Supervisors postpone sales-tax endorsement

Prince William Board of County Supervisors Chairman Sean T. Connaughton brushed off attempts by two supervisors Tuesday to elicit an endorsement from their peers regarding the referendum that would raise the sales tax by half a cent if passed.

Supervisors Edgar S. Wilbourn III, R-Gainesville, and Hilda M. Barg, D-Woodbridge, said supervisors know what the referendum entails and that a stance would initiate informational meetings with constituents. Residents would be better served if the board made its position known now rather than two months before the election, they said.

The board will make its decision at a meeting Sept. 10.

Connaughton’s unlikely ally has been a leading dissenter on recent board scuffles: Supervisor John D. Jenkins, D-Neabsco, who was the first board member to go on record supporting the referendum. Jenkins said voters now are not as focused on the issue as they will be in September since the election season traditionally begins after Labor Day.

“I don’t think we need to tie the chairman’s hands as he negotiates with the NVTA,” said Jenkins, referring to the Northern Virginia Transportation Authority on which Connaughton serves as Prince William County’s representative.

Northern Virginia’s 41/2-percent sales tax would increase by a half percent next July 1 if voters in its nine jurisdictions as a whole approve the increase on Nov. 5. The NVTA would control the $5 billion generated from the tax increase over 20 years.

The NVTA is considering a proposal by Arlington County board Chairman Chris Zimmerman to distribute funding among jurisdictions by formula so jurisdictions are assured they get their fair share.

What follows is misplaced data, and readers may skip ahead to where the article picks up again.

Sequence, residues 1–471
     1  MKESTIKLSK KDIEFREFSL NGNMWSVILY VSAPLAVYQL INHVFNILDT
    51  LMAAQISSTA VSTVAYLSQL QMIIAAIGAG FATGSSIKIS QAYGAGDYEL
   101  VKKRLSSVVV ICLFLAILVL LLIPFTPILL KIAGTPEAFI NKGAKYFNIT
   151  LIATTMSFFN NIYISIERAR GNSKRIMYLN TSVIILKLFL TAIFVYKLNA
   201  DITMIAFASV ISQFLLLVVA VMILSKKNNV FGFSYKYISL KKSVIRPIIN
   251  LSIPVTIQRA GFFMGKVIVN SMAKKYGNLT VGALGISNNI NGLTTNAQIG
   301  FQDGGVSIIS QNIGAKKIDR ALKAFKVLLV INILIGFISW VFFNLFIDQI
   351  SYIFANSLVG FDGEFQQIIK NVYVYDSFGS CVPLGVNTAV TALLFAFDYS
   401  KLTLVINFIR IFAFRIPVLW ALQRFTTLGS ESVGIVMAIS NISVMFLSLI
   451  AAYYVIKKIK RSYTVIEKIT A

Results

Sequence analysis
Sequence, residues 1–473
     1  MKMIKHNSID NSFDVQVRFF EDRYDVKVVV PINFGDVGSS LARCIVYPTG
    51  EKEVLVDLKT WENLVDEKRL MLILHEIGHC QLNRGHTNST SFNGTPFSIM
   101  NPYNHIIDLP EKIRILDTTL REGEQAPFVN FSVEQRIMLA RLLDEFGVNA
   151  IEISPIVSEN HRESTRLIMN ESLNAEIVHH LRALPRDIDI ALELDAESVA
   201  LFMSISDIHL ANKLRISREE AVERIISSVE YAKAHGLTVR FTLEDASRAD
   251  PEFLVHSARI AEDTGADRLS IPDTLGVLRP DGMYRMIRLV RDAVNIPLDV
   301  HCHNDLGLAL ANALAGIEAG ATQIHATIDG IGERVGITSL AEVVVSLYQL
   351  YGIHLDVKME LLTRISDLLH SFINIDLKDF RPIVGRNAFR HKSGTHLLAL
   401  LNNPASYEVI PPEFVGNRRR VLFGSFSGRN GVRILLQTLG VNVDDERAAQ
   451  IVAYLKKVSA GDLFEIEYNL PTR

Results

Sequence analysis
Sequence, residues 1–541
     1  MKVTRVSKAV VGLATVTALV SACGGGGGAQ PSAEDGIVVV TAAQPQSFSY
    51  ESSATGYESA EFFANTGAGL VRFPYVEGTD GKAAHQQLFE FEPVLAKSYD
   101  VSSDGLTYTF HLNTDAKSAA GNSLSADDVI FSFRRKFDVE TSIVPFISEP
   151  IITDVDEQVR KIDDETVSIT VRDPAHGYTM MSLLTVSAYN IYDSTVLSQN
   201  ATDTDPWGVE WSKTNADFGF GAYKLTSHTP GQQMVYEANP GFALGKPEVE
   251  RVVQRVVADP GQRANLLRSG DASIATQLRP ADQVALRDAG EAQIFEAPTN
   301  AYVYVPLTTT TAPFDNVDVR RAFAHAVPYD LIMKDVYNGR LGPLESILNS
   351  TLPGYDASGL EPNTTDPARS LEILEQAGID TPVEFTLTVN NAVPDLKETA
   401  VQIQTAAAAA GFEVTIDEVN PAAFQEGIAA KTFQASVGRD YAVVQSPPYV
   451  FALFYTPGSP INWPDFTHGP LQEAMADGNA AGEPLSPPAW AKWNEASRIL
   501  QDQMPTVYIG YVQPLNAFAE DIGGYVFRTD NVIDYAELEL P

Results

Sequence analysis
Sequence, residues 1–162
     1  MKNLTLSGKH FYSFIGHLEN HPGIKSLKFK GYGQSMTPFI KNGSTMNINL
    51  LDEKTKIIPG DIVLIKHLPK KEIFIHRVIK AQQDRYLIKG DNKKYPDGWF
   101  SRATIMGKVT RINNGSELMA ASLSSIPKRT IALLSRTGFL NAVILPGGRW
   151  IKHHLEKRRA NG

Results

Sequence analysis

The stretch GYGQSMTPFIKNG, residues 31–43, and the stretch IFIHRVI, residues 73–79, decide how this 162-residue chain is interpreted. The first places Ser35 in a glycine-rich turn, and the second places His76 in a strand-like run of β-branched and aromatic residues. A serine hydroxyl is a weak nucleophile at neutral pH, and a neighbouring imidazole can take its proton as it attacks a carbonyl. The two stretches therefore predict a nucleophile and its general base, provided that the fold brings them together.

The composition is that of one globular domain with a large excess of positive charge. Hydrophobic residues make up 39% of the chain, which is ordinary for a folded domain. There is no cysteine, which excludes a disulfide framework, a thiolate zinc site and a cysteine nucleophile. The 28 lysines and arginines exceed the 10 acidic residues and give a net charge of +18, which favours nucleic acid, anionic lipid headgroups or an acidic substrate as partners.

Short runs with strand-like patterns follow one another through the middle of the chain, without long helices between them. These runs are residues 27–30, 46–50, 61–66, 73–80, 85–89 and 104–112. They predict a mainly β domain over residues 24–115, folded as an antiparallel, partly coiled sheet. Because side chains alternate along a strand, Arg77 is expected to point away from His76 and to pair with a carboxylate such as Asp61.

Prince William County, with 11.8 percent of the region’s sales tax revenue and 15.4 percent of its population, would get 18.2 percent of the tax’s $2.75 billion in bond funding, or $500 million, and 13.7 percent of its pay-as-you-go funds that could range between $1.4 billion to $2.2 billion over the 20 years, said county legislative liaison Dana Fenton.

“It’s something that gives us assurances,” Connaughton said.

Arlington has proposed that half of all the referendum revenues go to mass transit, and Connaughton, R-at large, said the authority generally accepted his motion to include High Occupancy Vehicle lanes as part of that category at its first meeting last week.

Delegate John A. “Jack” Rollison III, R-52nd District, a representative on the NVTA, said Arlington’s half-transit requirement is unclear to him. He said if it applies to bonds and pay-as-you-go funding — the entire $5 billion package, it would not allow the NVTA to adapt to changing traffic patterns and population shifts over the next 25 years.

“To me, it was not very clear and I hope we can nail that language down soon,” he said.

Rollison initiated the legislation that led to the referendum for Northern Virginia voters.

Connaughton said informational meetings for voters are tentatively scheduled for Sept. 4-6 at three county schools.

Barg questioned whether three meetings are enough to educate the nearly 300,000 residents in the county.

Supervisor Maureen S. Caddigan, R-Dumfries, asked why local jurisdictions are being asked to endorse and sell the referendum — isn’t that the job of state delegates and senators who passed the referendum bill?

Supervisor L. Ben Thompson, R-Brentsville, questioned why the board could not take a stand on the referendum in a special board meeting soon after the NVTA’s Aug. 7 meeting. Connaughton said he will be on a plane to Italy within an hour of the NVTA meeting and will be gone for two-and-a-half weeks.

A county board meeting cannot be held electronically, said board attorney Sharon Pandak.

Staff writer Chris Newman can be reached at (703) 878-8062.

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